Glacier has a grizzly population of about 365 animals, according to a U.S. Geological Survey census in 2004. While bears are common in the area where the sow was killed, areas with greater grizzly densities can be found elsewhere in the park.

The last time the Park Service put down a Glacier grizzly was in 1998, when rangers tracked and killed one believed to have killed and devoured a backpacker near Scenic Point east of Two Medicine Lake. The decision to kill the sow this week was made only after years of efforts to dissuade her from viewing backcountry campgrounds as buffets.

“Unfortunately, this entire family group of grizzly bears had become overly familiar with humans," Superintendent Cartwright said. “Park resource personnel worked to keep this bear and her offspring in the wild for five years, but given her most recent display of over-familiarity in combination with her history of habituation, we determined that the three grizzlies posed an unacceptable threat to human health and safety; and therefore, needed to be removed from the park.”

In 2005 and again in 2006 this section of backcountry was closed because of the sow's behavior, said Chief Potter. Additionally, Karleian Bear Dogs were brought in for about two weeks both summers with hopes they could convince the sow and her offspring to avoid humans, he said.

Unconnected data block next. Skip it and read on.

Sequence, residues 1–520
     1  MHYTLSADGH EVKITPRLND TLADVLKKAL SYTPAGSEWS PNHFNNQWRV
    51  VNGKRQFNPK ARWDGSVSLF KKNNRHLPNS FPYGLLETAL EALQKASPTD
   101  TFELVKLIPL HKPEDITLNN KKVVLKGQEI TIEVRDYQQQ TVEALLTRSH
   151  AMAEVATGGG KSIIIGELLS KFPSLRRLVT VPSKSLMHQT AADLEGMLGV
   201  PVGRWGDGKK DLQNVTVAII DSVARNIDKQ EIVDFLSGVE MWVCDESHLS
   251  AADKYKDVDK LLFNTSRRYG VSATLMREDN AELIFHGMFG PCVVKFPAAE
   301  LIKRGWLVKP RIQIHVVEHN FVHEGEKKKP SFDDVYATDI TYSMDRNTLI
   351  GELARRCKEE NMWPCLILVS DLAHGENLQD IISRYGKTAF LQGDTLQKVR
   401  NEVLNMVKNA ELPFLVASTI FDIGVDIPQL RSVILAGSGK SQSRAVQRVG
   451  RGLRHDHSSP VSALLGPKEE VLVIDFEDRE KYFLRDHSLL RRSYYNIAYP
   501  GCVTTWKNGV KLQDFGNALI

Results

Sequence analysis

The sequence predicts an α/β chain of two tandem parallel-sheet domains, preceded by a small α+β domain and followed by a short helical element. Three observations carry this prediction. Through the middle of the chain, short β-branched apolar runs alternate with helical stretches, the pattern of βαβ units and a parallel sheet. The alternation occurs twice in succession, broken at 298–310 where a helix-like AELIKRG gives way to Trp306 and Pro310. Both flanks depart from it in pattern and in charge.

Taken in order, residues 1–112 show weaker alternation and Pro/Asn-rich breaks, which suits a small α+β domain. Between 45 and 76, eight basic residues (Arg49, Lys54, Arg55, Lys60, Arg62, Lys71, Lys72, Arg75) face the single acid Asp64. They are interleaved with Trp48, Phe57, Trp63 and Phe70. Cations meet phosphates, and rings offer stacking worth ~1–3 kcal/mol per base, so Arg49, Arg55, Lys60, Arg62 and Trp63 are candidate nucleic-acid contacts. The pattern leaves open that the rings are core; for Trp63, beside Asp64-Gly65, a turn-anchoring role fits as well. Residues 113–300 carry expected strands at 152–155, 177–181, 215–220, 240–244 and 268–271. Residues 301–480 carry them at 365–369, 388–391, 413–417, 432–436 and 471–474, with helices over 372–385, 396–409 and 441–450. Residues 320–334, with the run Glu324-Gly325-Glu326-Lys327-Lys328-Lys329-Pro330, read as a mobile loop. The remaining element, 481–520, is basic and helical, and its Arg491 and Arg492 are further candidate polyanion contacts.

While the sow seemed to vanish in 2007 and 2008, this year she was "back doing the same things," said the chief. "I hate to assign personifications with these animals, but she was boldly going after these camps."

The bears had been closely monitored in recent weeks. Rangers were actually stationed in some of the campgrounds to observe their behavior, and twice they were approached by the bears. The sow's demise came Monday about 4:30 p.m. when rangers spotted her and her yearlings about 300 yards from the Oldman Lake backcountry campground and heading toward the site. Rangers were about to close the backcountry campground, which was occupied, when they spotted the bears.

After the female was killed, rangers arranged for helicopter support and to retrieve drugs to dart and tranquilize the two yearlings that remained in the vicinity. The yearlings were darted over an hour later. One cub died shortly after being tranquilized despite efforts by rangers to resuscitate the yearling by performing mouth-to-nose CPR.

Glacier’s internationally-vetted Bear Management Plan and Guidelines specifies that conditioned bears that display over familiarity must be removed from the wild population. While park officials reached out to find a facility that might take the sow and cubs, no zoos or other federally-authorized captive facilities were willing to take an adult bear. The Bronx Zoo in New York City was willing to take the yearlings. Now just one will be shipped there.